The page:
Alexander, a sophomore, enjoys learning American sign language, English, and history. His passion is in the performing arts and he aims to attend college to develop his skills in theater. He has cerebral palsy.

Jessica is a sophomore from Snohomish. English, Spanish, digital arts, and history are her favorite classes. Ultimately, she wants a career that allows her to do what she loves and to help people. She has spinal muscular atrophy.

Dominique comes from North Bend. She has a form of dwarfism called Kniest syndrome. English is one of her favorite classes, and she also loves the hands-on aspect of her science class. She would like to study 2D animation and work for the Walt Disney Company.

Allison is a junior and has thrombocytopenia absent radius syndrome. She enjoys drafting, art, and woodshop, because they are hands-on, which helps her learn faster. For her career she would like to be an interior designer, architect, or an artist.

Alicia is interested in many academic areas, but has a lot of fun studying science and math. She has been very successful in her involvement with the Deaf Academic Bowl at her high school. She currently plans to attend medical school to become an ER doctor.

Grace is a sophomore and has bilateral deafness. Her favorite classes are math and science because she enjoys problem-solving and experimenting. Currently, she would like to major in science, physics, or math and pursue a career in pharmacy.

Why We Need Disability Advocacy Clubs

Noah Seidel, DO-IT staff
Two people pose for a picture, one is holding a Disability Pride Week poster.
UW Disability Studies faculty Joanne Woiak and freshman
Hannah Langlie attend Cripping Culture Poetry night
during Disability Pride week

College campuses can be large and intimidating places for new students. One way students can find a community of peers is by joining a club on campus. For students with disabilities, disability advocacy clubs have become a great way to find that community. Disability advocacy groups are based around three main principles: self-advocacy/activism, disability awareness, and social events.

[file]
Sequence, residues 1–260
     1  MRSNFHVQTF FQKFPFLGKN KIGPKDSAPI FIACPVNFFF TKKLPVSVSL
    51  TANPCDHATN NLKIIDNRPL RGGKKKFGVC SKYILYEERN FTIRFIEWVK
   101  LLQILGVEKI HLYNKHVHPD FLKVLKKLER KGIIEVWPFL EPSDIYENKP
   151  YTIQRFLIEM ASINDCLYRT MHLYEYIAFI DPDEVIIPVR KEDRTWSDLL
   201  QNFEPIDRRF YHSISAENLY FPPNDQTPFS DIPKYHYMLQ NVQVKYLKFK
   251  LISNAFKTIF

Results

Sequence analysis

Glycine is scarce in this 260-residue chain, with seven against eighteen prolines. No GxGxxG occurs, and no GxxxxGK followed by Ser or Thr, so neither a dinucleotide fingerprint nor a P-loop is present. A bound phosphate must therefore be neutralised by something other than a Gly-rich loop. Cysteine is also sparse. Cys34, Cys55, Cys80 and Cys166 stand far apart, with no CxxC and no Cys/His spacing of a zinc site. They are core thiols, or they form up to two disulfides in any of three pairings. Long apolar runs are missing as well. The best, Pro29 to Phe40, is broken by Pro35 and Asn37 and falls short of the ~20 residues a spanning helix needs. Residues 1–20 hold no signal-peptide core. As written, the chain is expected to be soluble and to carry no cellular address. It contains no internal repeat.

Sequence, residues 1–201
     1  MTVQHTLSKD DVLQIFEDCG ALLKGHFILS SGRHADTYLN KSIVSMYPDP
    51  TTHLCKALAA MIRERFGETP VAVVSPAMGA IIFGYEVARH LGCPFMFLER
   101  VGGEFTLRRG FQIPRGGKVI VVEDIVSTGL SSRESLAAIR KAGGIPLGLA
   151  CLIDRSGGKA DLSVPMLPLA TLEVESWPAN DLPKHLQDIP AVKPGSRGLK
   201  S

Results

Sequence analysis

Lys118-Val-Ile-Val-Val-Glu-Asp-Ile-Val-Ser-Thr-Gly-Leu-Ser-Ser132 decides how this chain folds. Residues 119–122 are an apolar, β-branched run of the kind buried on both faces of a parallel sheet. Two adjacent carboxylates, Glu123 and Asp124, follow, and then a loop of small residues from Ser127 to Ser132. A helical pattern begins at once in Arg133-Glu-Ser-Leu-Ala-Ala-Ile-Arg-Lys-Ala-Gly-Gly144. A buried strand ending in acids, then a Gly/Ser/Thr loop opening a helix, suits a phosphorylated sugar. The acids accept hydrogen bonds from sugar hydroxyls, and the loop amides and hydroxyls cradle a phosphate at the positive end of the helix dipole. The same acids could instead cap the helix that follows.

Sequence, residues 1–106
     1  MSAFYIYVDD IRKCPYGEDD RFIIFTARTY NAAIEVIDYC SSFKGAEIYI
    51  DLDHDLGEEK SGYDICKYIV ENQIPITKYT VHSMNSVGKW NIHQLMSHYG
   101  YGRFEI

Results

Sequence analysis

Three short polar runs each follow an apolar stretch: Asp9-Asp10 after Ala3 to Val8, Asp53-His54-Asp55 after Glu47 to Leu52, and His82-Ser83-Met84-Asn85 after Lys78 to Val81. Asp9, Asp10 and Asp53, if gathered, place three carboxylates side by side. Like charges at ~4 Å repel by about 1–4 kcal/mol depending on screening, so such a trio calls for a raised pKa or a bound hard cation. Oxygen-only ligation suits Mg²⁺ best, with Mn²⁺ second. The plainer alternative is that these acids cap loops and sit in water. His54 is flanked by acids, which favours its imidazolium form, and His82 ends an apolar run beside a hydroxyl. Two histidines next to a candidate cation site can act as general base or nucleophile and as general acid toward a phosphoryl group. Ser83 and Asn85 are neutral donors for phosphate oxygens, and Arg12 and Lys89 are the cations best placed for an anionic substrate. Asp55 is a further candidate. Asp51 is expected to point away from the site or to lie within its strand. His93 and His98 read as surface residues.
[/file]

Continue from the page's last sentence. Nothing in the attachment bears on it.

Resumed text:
Groups practice self-advocacy and help each other advocate for accommodations. Groups do this by using peer mentors and having discussion groups. Students help each other get accommodations and learn other accessibility tips by sharing their experiences. Students also participate in activism by having representatives in student government and writing letters to members of the school administration.

Disability awareness and disability pride are interests of other disability clubs. Groups put on disability awareness weeks and host panels about disability issues. Clubs use the resources on campus to spread awareness about issues that involve people with disabilities to help change perceptions that people have about individuals with disabilities.

Disability Pride events take place during awareness weeks to show that people with disabilities are proud of who they are. Events can include open mic nights, art events, rallies on campus, and technology fairs.

Advocacy clubs are also social clubs! Groups mix advocacy and fun; many of the groups plan social events including game nights, bowling, and potlucks. College is a time that people like to have fun while they learn, and people with disabilities are no different.

To learn more about how to start a club on your campus visit Green Mountain Self-Advocates,

To view what some clubs are doing now, visit:

Cascadia Community College's Disability Student Alliance (DSA),

University of Washington (UW) Disability Advocacy Collective,

UW Bothell's Disability Strength Awareness and Education Alliance,